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The Warsaw Voice » Other » June 3, 2009
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May 1, 2004: Poland Joins EU
June 3, 2009 By W.Ż.    
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On May 1, 2004, the European Union underwent its greatest enlargement to date, admitting 10 new member states, among them Poland.

Poland was the largest of the newly admitted members, with a bigger population than that of the other nine new members put together. On May 1, 2004, Polish flags were hoisted on EU buildings, while blue flags with gold stars were pulled up next to the white-and-red national colors on most Polish government buildings. As President Aleksander Kwa¶niewski put it at the time, European Union accession crowned many years of Poland's efforts to join the Western European family of free nations. It also enabled the country to make an unprecedented leap forward in terms of development.

Poland's road to the EU began when the communists were still in power. Diplomatic relations between Warsaw and the European Community, which later became the EU, were established on Sept. 16, 1988.

Road to Brussels
The political and economic changes in Poland after the fall of communism in 1989 enabled talks to commence on the country's further integration with Europe. The PHARE adjustment program was set up; an agreement on trade and economic and commercial cooperation was signed; Poland appointed an ambassador to the European Community (Jan Kułakowski, who went on to head Poland's Committee for European Integration years later) and a government official for European integration (Jacek Saryusz-Wolski, who is a Eurodeputy today).

Official negotiations began on Dec. 22, 1990 and ended on Dec. 16, 1991 with the signing of an association agreement between Poland and the European Community and its member states. Poland also signed an interim commercial agreement that remained in force until March 1, 1992.

Poland's association agreement took effect on Feb. 1, 1994, three months after the Treaty on the European Union, otherwise known as the Maastricht Treaty, came into force. At a session of the European Council in Copenhagen in June 1993, the EU member states officially confirmed that Central and Eastern European countries associated with the EU would become full members after meeting all the economic and political criteria.

On April 8, 1994 in Athens, the Polish government submitted a formal application for EU membership. During the European Council's summit in Essen on Dec. 9-10, 1994, the member states confirmed their intention to expand the EU to include the associated countries and adopted a pre-accession strategy defining the areas and forms of cooperation designed to facilitate speedy integration. The strategy was formally confirmed by a White Paper that was approved during a European Council summit in Cannes in June 1995. The White Paper listed the legal adjustments that candidate countries had to make to meet the requirements of the EU market. The White Paper and annual preparation programs adopted by the Polish government defined the framework of Poland's relations with the EU.

Oct. 3, 1996 marked the launch of the Office of the Committee for European Integration, which coordinated the work of all the ministries and institutions directly involved in Poland's integration with the EU.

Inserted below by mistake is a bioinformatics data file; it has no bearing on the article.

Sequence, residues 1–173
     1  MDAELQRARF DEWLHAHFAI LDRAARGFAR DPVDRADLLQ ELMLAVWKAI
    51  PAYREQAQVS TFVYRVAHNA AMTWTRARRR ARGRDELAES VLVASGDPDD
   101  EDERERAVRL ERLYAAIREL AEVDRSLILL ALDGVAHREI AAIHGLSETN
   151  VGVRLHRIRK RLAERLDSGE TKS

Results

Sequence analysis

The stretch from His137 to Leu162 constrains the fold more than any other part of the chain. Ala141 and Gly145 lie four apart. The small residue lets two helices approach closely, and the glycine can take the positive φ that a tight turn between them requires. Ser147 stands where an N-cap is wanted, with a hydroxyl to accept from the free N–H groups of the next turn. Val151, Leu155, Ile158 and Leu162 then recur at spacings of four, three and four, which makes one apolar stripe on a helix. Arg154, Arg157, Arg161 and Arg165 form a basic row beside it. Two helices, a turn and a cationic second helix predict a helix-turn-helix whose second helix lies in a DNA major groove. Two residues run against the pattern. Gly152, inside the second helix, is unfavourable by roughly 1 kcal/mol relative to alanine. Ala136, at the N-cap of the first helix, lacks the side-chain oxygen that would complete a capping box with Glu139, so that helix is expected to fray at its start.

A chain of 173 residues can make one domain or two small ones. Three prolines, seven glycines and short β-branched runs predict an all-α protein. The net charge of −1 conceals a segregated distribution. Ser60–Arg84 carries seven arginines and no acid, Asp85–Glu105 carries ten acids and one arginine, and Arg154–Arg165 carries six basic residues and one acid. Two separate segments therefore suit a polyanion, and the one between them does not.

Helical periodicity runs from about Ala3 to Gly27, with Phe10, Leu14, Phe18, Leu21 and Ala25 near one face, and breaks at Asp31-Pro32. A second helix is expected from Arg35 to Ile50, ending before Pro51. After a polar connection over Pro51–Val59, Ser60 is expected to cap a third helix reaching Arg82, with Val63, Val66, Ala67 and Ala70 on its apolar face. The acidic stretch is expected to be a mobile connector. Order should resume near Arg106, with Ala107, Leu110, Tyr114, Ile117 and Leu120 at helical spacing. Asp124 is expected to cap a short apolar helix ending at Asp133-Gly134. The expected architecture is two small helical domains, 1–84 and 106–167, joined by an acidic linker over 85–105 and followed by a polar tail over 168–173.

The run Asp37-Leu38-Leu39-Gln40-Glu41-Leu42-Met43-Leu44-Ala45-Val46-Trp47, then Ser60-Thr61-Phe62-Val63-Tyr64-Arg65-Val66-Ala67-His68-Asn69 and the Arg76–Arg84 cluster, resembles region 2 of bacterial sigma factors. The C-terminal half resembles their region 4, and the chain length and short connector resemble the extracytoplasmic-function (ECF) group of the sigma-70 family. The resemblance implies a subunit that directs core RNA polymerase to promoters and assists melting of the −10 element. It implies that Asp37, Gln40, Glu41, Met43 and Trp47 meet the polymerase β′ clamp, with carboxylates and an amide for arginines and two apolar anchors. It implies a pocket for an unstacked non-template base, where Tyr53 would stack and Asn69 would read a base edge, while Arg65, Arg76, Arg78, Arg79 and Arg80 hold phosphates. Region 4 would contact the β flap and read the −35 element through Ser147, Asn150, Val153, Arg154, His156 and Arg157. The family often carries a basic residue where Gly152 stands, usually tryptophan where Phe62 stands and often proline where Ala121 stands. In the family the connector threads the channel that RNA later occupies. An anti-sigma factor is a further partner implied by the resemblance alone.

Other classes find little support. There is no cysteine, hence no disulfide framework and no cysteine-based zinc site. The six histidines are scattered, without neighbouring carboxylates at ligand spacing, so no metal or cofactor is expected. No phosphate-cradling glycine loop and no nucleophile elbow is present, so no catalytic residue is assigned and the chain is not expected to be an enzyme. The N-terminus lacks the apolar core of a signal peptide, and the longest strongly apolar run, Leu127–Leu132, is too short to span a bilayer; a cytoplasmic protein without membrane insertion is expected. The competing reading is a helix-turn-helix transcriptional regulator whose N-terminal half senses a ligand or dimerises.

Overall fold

A National Integration Strategy was adopted in January 1997, listing the tasks on the road to full EU membership and deadlines for completing them. Adaptation measures related to membership were undertaken under the National Program of Preparation for EU Membership adopted on June 23, 1998.

Talks completed
Negotiations began on Nov. 10, 1998. By 2000, Poland had completed its talks on 25 of 30 negotiation areas. Transition periods were agreed for nine areas. The remaining five areas were reviewed in 2001-2002. The negotiations concluded officially on Dec. 13, 2002 during an EU summit in Copenhagen.

The accession treaty was approved in the European Parliament by an absolute majority of votes on April 9, 2003 and unanimously by the Council of the European Union on April 14, 2003. The next stage was ratification. Except for Ireland, where the treaty was ratified after a referendum, all the member states approved the treaty in parliamentary votes.

In Poland, the treaty was approved in a nationwide referendum on June 7-8, 2003. Voters were asked to answer the following question: "Do you consent to the Republic of Poland joining the European Union?" According to official results, 58.85 percent of eligible voters went to the polls; 77.45 percent voted "yes" and 22.55 percent voted "no."

Full member
The accession treaty was signed on April 16, 2003 in Athens. Poland became a full member of the European Union on May 1, 2004.

Poland's first European Parliament election was held on June 13, 2004. Voters elected 54 Eurodeputies; the turnout was low, at under 21 percent of those eligible to vote.

Poland joined the free-travel Schengen Agreement on Dec. 21, 2007, and fulfilled all of its requirements regarding air traffic on March 29, 2008.

The next step in integration will be the adoption of the single currency, the euro. Polish economists and EU officials say that this could happen in 2013-2014. The official position of Donald Tusk's government is that Poland will adopt the euro in 2012, the year of the European soccer championships in Poland and Ukraine. The Polish prime minister is speaking of a "double euro" for that year-meaning the Euro 2012 championships and euro adoption.
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